Press release -
Northumbria’s vision for improving treatments for Parkinson’s disease
Northumbria University is leading research on the effects of technological visual training as a potential rehabilitation tool for people affected by Parkinson’s disease.
Dr Sam Stuart, a senior researcher in the Department of Sport, Exercise and Rehabilitation at Northumbria, is working with American company, Senaptec, an industry leader in the design and production of sensory performance assessment.
Using Senaptec’s technology, Dr Stuart is working in collaboration with Northumbria Healthcare NHS Foundation Trust, carrying out clinical trials on 40 people suffering with the symptoms of Parkinson’s disease.
The Senaptec technology consists of a sensory performance assessment station, eyewear and a mobile tablet application that have pre-set modes that can be customised. The eyewear has been manufactured to look like a pair of glasses, these ‘smart’ glasses are designed to help elite athletes process vision faster and more efficiently. This provides a unique edge for athletes to perform at a higher level more consistently and with better decision making.
The eyewear lenses flicker on and off, making it harder to process information, which helps the brain focus on visual tasks. The resulting heightened vision capability can improve people’s eye-hand coordination, movement, balance, and reaction time.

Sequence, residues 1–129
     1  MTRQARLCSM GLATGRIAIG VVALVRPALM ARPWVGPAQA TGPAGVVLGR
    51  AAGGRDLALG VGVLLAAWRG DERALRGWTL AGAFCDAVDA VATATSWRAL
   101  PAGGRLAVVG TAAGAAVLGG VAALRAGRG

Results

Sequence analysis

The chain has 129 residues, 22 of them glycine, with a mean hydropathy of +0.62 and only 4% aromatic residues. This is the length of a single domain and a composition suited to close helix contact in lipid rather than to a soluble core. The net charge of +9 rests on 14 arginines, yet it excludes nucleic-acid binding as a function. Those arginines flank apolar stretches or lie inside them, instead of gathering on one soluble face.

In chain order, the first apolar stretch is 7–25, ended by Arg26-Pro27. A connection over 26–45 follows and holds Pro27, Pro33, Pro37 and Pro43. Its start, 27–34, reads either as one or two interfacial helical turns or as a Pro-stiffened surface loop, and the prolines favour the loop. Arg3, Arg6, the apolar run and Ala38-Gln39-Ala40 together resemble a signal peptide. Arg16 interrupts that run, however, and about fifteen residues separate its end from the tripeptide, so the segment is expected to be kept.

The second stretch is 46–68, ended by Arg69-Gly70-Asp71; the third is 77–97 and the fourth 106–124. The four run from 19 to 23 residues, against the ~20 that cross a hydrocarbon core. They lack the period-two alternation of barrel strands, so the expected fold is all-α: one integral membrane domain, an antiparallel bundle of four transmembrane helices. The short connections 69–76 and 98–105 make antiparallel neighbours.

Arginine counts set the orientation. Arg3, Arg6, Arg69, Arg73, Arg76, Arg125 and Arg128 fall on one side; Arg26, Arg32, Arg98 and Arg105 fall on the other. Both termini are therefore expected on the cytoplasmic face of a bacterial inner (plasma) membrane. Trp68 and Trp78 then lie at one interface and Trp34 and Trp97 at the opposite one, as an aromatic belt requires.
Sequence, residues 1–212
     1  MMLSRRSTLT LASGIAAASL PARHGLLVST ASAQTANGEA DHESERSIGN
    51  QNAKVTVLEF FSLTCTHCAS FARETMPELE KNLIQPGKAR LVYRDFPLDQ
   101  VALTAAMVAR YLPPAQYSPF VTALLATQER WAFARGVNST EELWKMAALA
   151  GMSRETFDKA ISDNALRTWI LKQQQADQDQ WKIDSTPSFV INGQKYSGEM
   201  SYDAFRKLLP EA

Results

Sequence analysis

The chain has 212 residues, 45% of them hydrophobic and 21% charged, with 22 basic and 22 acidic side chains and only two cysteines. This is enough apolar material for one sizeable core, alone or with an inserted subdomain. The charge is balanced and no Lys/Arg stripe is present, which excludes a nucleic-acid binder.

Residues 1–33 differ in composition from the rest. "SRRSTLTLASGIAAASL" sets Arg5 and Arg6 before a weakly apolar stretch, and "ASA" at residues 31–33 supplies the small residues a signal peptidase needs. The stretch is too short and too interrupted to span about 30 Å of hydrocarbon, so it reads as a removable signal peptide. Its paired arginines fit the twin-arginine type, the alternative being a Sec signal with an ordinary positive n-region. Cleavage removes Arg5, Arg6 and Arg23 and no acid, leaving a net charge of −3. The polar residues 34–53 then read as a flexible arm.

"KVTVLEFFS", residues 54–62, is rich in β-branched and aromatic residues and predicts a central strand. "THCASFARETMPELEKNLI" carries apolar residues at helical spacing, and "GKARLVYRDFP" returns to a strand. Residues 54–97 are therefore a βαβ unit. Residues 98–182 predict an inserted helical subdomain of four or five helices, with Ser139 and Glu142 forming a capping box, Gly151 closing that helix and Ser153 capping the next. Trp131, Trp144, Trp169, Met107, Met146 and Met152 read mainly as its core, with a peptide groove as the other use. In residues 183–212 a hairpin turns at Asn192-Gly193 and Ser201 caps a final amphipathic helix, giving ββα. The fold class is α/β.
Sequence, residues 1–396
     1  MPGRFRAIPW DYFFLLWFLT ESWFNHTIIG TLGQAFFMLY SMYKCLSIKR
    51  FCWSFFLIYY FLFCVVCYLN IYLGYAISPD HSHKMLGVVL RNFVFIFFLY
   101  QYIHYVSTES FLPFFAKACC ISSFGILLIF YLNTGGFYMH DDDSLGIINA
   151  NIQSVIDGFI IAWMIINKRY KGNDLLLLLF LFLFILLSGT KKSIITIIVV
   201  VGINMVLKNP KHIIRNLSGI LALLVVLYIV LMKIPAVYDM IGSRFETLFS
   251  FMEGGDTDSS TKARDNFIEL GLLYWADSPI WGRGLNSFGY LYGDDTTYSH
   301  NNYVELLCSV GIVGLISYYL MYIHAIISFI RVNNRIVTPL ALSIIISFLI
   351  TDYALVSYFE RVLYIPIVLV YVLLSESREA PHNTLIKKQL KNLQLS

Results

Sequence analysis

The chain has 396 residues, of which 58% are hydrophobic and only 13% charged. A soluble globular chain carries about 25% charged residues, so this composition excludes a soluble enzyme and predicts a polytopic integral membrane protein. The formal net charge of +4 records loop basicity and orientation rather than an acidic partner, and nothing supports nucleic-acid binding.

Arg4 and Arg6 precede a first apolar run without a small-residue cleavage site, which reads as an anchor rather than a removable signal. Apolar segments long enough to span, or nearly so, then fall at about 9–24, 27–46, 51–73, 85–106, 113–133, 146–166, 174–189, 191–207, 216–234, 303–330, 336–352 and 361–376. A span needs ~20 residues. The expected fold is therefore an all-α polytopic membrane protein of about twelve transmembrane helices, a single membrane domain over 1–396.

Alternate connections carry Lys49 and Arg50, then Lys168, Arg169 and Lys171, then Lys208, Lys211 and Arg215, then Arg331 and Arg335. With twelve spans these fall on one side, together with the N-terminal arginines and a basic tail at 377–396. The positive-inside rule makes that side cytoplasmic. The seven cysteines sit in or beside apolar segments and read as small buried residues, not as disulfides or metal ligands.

Dr Stuart is combining the brain training techniques of the Sensory Station and tablet application with the eyewear to help improve mobility and balance in people with Parkinson’s.
“This study aims to explore whether vision and balance can be improved with visual training for people with Parkinson’s,” said Dr Stuart. “Research has shown that people with Parkinson’s rely more heavily on their vision for day-to-day activities. Visual and cognitive problems combined with balance issues increase the risk of falls among people with Parkinson’s. This risk can of course lead to decreased physical activity and a reduced quality of life.
“Working with Senaptec and Northumbria Healthcare NHS Foundation Trust, our aim is to find out what effect visual training has on participants’ visual abilities and whether this has any impact on their balance and walking.”
Parkinson’s is the largest growing neurological disorder in the world, with one in 37 people at risk of developing the disease in their lifetime.
This project compliments the growing body of research at Northumbria University on rehabilitation for people with Parkinson’s disease. Dr Stuart is also working on an international research project funded by the Parkinson’s Foundation (USA) looking at walking interventions for people with Parkinson’s disease in collaboration with Northumbria Healthcare NHS and Oregon Health and Science University.
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